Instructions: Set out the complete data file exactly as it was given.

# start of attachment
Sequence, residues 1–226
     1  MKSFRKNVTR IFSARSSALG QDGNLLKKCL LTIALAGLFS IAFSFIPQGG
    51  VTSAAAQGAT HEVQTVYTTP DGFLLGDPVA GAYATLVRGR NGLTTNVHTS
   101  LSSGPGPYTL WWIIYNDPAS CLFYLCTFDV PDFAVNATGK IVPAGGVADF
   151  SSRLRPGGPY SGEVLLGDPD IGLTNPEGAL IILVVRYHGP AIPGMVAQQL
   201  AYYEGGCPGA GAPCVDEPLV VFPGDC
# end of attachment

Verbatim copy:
Sequence, residues 1–226
     1  MKSFRKNVTR IFSARSSALG QDGNLLKKCL LTIALAGLFS IAFSFIPQGG
    51  VTSAAAQGAT HEVQTVYTTP DGFLLGDPVA GAYATLVRGR NGLTTNVHTS
   101  LSSGPGPYTL WWIIYNDPAS CLFYLCTFDV PDFAVNATGK IVPAGGVADF
   151  SSRLRPGGPY SGEVLLGDPD IGLTNPEGAL IILVVRYHGP AIPGMVAQQL
   201  AYYEGGCPGA GAPCVDEPLV VFPGDC